My CYA kit is more like a couple pounds for solo day hiking:
Pocket survival keyring:
SAK Classic knife
Spy capsule with tinder
Fenix E01 AAA LED flashlight
Emergency water bag (in the crown of my Tilley hat)
3.5" folding pocket knife
K&M match case with UCO matches and button compass
Suunto MC2G compass with mirror
AMK "space blanket" bivy sack
Small UL stuff sack:
AMK .3 first aid kit with extra meds, larger compresses
Fenix HL21 LED headlamp
4 Micropur tablets
Spare batteries (1x AA & AAA)
Small vial DEET
Small bottle sunscreen
20' light braided nylon line
"Hotel freebie" sewing kit
Small roll 26ga wire
5 pieces hard candy
Latrine kit in ziplock bag:
Small bottle alcohol gel hand cleaner
This might seem like a lot by UL standards. I have based my kit on personal experience and what I have read of lost and injured hikers. I have tried to collect items that are light and provide materials for improvising shelter, fire making, first aid, repairs, navigation and signaling. There is just enough in my pockets to cover the basics. My survival scenarios are based on losing my pack, falls/injuries, getting lost, having to spend an unplanned night out and changes in the weather.Sep 11, 2012 at 2:11 pm #1911347
Do you know why I like to keep a clean and dry pair of socks ?
Because I am worth it.Sep 11, 2012 at 2:34 pm #1911351
Right on Mike!Sep 11, 2012 at 3:13 pm #1911359
@jaseLocale: A tent in my backyard - Melbourne
My CYA weight includes:
GME PLB (injury)
Garmin eTrex Vista (used only on new tracks…revisited tracks I tend to leave it at home)
spare water tabs (in case of Steripen failure)
fire starter…on top of windproof matches…on top of 2 bic lighters
socks….dedicated dry sleep pair, a spare pair, and a pair to wear
My Degen 1127 radio…..headphones annoy me when camping…I like an external speaker so I don't completely tune out to my environment
…I'm sure there are more….Sep 11, 2012 at 4:26 pm #1911373
My fear kit includes a PLB, 2 extra means of starting a fire plus tinder, a first aid and repair kit, a small knife, a bivy bag, a raincoat, hat, down jacket, spare socks, toilet paper and hand sanitiser, compass, whistle, and a flashlight. All of the above (except spare socks) I carry even on day hikes. On day hikes, if I'm not expecting rain, I still carry a cuben poncho tarp which can double as shelter and raingear. I also carry a sitpad on day hikes, plus the pad that goes in my Gorilla pack, so I am covered for ground insulation if I have an unexpected night out. Excessive by SUL standards, for sure, but I've never aimed to be SUL, just like to carry a comfortable load that will cover me in most of the common situations I might encounter. I haven't weighed what all of this contigency gear 'costs'. The bivy bag is 3oz, the poncho tarp is 4oz, the sitpad is 2oz, down jacket is 4oz, so all up probably a little over a pound of stuff that I don't usually need. Oh, the PLB is 4oz, so closer to 20oz total.Sep 11, 2012 at 5:43 pm #1911398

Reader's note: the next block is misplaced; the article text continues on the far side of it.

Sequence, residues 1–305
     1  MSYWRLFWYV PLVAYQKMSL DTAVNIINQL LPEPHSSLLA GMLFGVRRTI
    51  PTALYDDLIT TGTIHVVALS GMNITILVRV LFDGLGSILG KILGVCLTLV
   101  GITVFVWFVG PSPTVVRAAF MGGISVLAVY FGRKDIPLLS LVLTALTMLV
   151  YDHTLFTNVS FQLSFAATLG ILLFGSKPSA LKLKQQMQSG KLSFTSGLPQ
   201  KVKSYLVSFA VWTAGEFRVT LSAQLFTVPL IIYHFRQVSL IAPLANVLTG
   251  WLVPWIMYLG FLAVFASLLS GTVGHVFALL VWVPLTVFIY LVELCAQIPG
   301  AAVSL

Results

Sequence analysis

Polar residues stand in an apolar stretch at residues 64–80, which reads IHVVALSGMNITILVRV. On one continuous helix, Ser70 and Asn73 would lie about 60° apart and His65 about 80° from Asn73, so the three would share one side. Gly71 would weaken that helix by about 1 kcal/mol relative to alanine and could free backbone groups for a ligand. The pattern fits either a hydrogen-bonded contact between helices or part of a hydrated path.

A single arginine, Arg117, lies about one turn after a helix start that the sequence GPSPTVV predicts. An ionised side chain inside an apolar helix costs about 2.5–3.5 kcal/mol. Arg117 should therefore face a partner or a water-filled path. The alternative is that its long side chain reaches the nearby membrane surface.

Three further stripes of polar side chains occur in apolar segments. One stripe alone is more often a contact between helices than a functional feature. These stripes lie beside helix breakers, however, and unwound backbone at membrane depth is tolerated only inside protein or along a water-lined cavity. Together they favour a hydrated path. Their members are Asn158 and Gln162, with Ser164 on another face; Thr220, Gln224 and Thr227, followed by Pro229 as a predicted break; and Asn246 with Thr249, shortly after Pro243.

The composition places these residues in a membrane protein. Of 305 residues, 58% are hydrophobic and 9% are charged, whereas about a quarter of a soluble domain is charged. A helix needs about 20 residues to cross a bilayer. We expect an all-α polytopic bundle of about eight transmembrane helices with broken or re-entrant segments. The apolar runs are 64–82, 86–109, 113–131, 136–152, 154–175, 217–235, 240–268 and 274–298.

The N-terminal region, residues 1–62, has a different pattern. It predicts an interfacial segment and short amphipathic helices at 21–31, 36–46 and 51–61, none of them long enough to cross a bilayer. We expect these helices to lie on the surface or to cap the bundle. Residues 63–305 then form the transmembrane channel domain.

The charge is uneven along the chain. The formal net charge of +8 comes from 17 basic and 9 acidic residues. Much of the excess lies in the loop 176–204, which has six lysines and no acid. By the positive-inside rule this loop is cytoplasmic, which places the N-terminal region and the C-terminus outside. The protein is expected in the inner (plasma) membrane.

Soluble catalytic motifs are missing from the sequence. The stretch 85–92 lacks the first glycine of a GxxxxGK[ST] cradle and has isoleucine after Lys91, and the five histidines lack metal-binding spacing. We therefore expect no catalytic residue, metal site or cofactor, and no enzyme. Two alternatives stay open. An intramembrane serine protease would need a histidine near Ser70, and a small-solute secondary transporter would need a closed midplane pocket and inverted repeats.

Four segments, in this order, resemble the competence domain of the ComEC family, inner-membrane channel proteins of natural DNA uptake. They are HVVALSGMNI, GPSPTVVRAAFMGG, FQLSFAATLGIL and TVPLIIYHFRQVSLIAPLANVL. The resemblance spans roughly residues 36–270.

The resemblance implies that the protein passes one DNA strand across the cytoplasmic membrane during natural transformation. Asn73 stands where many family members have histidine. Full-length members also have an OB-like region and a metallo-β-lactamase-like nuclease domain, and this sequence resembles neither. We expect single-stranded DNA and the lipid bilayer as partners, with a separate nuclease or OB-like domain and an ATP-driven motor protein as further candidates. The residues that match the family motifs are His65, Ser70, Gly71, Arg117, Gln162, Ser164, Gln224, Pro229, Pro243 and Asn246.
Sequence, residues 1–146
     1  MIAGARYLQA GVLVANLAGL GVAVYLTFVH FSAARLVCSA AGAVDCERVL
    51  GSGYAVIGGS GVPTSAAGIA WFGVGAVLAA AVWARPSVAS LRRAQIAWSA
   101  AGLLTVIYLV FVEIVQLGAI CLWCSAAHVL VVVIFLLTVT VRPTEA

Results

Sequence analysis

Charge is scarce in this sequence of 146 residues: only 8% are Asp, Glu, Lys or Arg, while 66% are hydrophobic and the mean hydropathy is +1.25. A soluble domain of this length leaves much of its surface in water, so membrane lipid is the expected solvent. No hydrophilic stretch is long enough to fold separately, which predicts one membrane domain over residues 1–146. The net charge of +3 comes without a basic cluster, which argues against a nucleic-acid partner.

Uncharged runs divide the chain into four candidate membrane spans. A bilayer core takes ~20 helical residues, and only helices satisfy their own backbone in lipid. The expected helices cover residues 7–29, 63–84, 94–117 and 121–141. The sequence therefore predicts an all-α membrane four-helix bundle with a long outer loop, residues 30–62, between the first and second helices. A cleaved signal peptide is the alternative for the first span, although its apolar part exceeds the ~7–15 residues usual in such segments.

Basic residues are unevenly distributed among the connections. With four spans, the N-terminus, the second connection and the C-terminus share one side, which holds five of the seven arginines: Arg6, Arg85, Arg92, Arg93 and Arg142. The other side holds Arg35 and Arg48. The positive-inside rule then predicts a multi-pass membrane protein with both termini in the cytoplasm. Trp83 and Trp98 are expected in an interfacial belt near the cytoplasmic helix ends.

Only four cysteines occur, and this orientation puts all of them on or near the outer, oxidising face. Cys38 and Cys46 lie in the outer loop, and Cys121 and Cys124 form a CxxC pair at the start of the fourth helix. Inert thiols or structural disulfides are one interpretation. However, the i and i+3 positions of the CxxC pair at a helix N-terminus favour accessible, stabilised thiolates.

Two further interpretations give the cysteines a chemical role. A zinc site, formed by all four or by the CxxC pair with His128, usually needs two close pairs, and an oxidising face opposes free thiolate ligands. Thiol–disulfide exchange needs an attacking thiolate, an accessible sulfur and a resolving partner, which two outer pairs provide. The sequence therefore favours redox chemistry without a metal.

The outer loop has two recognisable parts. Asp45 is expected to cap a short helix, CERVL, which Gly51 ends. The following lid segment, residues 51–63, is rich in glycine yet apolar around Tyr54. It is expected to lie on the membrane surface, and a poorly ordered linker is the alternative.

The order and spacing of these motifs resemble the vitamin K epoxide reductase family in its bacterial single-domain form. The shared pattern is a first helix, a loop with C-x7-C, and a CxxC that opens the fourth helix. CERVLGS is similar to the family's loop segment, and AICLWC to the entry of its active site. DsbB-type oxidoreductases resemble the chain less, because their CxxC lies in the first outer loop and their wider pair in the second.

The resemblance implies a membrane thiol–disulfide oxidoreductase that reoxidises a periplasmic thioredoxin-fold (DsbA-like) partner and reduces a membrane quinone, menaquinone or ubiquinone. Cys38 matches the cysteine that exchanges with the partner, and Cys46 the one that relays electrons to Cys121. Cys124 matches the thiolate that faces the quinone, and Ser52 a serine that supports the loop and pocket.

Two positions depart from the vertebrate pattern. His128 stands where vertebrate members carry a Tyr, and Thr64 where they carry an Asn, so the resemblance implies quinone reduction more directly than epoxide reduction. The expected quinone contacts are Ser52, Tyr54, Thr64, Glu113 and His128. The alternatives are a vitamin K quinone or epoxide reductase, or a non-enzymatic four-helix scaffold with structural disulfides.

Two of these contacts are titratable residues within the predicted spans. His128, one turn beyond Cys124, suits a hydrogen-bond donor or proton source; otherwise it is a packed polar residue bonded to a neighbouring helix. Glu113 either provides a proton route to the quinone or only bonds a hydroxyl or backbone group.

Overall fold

Daryl — i was thinking about this all day. Mine is thirst. I always carry too much water.
I do fear the reaper, but it is not a weight penalty.Sep 11, 2012 at 5:57 pm #1911403
I completely forgot about extra water. I too carry extra and rarely start out with less than 2 quarts. I sweat a lot and "fear" dehydration and the results of it (e.g. leg cramps, dry mouth, etc.)
DarylSep 11, 2012 at 6:50 pm #1911416
@aviddkLocale: SW Oregon
You should read the book "Waterlogged: The Serious Problem of Overhydration in Endurance Athletes. It will change your mind.Sep 11, 2012 at 6:59 pm #1911419
I also have the fear of not enough water, and there isn't a publication I could read that would change my mind. After around 20 years of frequently getting migraines when I backpacked (I rarely carried much water), a physician friend mentioned that the migraines could be due to dehydration. Next trip I carried a hydration bladder and forced myself to drink liberally and frequently. That was 15 years ago, and my backpacking migraines are now a thing of the past.Sep 11, 2012 at 8:22 pm #1911450
Thanks for the tip. I just put a hold request in to my library and will read it when my turn comes up.